Turbotodd

Ruminations on IT, the digital media, and some golf thrown in for good measure.

Big Data, Big Security, Big Boxes

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There’s been some substantial “Big Data” announcements over the past week from Big Blue.

Late last week, on the heels of the public disclosure of security breaches at a number of major media organizations, including The New York Times, The Wall Street Journal, and the Washington Post, IBM announced its new “IBM Security Intelligence With Big Data” offering, which combines leading security intellignece with big data analytics capabilities for both external cyber security threats and internal risk detection and protection.

You can learn more about that offering here.

IBM is also working to make it easier for organizations to quickly adopt and deploy big data and cloud computing solutions.

Today, the company announced major advances to its PureSystems family of expert integrated systems.

Now, organizations challenged by limited IT skills and resources can quickly comb through massive volumes of data and uncover critical trends that can dramatically impact their business.

The new PureSystems models also help to remove the complexity of developing cloud-based services by making it easier to provision, deploy and manage a secure cloud environment.

Together, these moves by IBM further extend its leadership in big data and next generation computing environments such as cloud computing, while opening up new opportunities within growth markets and with organizations such as managed service providers (MSPs).

Big Data Only Getting Bigger

Across all industries and geographies, organizations of various sizes are being challenged to find simpler and faster ways to analyze massive amounts of data and better meet client needs.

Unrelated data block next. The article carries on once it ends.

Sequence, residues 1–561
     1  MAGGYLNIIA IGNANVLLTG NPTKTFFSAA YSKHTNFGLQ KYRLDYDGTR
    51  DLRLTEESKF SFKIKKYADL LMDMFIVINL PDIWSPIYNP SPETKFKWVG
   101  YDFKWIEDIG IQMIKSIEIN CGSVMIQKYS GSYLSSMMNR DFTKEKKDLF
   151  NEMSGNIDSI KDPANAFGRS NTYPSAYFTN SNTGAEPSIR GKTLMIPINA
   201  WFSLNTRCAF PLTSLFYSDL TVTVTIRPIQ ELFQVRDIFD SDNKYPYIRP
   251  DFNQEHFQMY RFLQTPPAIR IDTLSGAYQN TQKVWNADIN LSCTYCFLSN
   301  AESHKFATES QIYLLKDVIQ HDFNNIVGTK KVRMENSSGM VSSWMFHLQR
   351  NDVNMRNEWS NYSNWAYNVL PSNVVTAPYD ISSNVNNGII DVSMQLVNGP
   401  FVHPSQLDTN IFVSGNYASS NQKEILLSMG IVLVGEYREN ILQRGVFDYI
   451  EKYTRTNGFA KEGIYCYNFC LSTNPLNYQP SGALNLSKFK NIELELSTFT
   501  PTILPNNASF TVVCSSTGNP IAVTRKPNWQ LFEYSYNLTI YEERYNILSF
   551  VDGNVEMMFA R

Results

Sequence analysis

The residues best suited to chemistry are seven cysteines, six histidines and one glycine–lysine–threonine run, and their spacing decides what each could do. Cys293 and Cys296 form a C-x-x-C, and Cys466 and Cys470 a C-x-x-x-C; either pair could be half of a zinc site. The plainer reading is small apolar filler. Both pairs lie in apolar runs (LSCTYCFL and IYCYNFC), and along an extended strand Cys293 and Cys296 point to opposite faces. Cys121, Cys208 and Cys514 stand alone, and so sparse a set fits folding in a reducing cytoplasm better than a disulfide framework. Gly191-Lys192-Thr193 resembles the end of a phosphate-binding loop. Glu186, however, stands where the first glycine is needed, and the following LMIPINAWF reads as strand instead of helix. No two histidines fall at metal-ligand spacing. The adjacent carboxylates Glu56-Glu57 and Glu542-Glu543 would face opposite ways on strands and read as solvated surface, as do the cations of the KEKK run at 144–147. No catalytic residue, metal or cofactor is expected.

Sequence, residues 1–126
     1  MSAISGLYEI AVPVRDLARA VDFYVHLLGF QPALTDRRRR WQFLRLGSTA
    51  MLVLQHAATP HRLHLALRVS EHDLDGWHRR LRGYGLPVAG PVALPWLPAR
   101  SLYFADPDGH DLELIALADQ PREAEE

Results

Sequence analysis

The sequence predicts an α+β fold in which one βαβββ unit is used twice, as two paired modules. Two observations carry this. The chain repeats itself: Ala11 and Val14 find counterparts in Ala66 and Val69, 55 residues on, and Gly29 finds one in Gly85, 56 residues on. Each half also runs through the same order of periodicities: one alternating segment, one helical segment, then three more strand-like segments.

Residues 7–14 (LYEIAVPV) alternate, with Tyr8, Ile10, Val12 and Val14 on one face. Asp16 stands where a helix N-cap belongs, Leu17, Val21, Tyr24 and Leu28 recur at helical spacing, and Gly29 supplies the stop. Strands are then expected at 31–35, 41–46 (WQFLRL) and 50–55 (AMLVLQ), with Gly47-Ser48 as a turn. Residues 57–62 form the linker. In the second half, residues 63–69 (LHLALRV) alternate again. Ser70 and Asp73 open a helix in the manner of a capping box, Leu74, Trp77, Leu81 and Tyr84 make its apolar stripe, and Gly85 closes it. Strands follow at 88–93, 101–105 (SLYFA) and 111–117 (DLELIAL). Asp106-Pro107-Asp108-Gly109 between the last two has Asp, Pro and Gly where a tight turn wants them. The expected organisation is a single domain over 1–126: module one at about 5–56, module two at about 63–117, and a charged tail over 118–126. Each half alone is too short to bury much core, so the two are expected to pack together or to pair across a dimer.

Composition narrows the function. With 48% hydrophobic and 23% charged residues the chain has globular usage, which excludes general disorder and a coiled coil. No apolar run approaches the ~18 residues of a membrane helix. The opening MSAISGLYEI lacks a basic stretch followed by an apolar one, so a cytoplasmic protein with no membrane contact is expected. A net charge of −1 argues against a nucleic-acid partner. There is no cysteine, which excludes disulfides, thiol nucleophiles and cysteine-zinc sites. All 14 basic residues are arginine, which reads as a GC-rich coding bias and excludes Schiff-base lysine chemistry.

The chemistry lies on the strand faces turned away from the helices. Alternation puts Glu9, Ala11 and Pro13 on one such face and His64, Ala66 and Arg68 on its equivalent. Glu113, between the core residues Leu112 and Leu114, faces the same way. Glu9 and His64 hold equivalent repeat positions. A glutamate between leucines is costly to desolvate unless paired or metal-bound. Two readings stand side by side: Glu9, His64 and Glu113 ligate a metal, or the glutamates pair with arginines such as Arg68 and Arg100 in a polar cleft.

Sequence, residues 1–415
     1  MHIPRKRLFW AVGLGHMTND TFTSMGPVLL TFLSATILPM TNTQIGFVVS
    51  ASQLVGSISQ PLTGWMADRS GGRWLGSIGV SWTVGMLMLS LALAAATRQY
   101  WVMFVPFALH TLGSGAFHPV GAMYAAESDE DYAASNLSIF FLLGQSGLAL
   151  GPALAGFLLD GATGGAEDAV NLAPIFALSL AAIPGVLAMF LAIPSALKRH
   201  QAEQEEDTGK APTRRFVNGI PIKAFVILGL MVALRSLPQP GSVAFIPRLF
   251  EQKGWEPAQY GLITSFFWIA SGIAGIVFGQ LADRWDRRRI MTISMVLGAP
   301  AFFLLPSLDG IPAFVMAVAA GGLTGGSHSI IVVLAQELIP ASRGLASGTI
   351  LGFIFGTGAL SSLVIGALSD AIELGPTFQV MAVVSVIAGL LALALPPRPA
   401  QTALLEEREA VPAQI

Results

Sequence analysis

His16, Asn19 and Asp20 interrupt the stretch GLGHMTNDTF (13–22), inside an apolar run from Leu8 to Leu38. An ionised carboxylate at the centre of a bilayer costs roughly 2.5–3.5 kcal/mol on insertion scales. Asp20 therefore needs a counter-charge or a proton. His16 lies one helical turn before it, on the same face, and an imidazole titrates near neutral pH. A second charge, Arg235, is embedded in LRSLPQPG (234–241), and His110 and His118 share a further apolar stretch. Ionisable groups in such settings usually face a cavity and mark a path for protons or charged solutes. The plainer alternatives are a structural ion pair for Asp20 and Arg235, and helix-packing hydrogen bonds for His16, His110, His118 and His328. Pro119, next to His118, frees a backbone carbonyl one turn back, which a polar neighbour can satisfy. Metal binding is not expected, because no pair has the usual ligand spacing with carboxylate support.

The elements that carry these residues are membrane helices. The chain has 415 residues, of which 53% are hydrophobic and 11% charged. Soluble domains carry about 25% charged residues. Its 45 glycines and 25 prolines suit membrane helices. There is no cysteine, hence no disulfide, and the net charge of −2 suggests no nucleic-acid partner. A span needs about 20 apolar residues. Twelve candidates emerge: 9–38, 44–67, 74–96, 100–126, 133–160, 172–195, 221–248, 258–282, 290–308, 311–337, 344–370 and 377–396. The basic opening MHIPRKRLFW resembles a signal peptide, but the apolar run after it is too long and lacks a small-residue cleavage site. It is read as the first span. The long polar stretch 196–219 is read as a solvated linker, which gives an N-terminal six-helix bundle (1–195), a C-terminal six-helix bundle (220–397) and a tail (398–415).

According to IDC, the market for big data technology and services will reach $16.9 billion by 2015, up from $3.2 billion in 2010.1

At the same time, an IBM study found that almost three-fourths of leaders surveyed indicated their companies had piloted, adopted or substantially implemented cloud in their organizations — and 90 percent expect to have done so in three years. While the demand is high, many organizations do not have the resources or skills to embrace it.

Today’s news includes PureData System for Analytics to capitalize on big data opportunities; a smaller PureApplication System to accelerate cloud deployments for a broader range of organizations; PureApplication System on POWER7+ to ease management of transaction and analytics applications in the cloud; additional options for MSPs across the PureSystems family including flexible financing options and specific MSP Editions to support new services models; and SmartCloud Desktop Infrastructure to ease management of virtual desktop solutions.

New Systems Tuned for Big Data

The new IBM PureData System for Analytics, powered by Netezza technology, features 50 percent greater data capacity per rack3 and is able to crunch data 3x faster4, making this system a top performer, while also addressing the challenges of big data.

The IBM PureData System for Analytics is designed to assist organizations with managing more data while maintaining efficiency in the data center – a major concern for clients of all sizes.

With IBM PureData System for Analytics, physicians can analyze patient information faster and retailers can better gain insight into customer behavior. The New York Stock Exchange (NYSE) relies on PureData System for Analytics to handle an enormous volume of data in its trading systems and identify and investigate trading anomalies faster and easier.

You can learn more about these and other new PureSystems capabilities here.

To aid in the detection of stealthy threats that can hide in the increasing mounds of data, IBM recently announced IBM Security Intelligence with Big Data, combining leading security intelligence with big data analytics capabilities for both external cyber security threats and internal risk detection and prevention. IBM Security Intelligence with Big Data provides a comprehensive approach that allows security analysts to extend their analysis well beyond typical security data and to hunt for malicious cyber activity.

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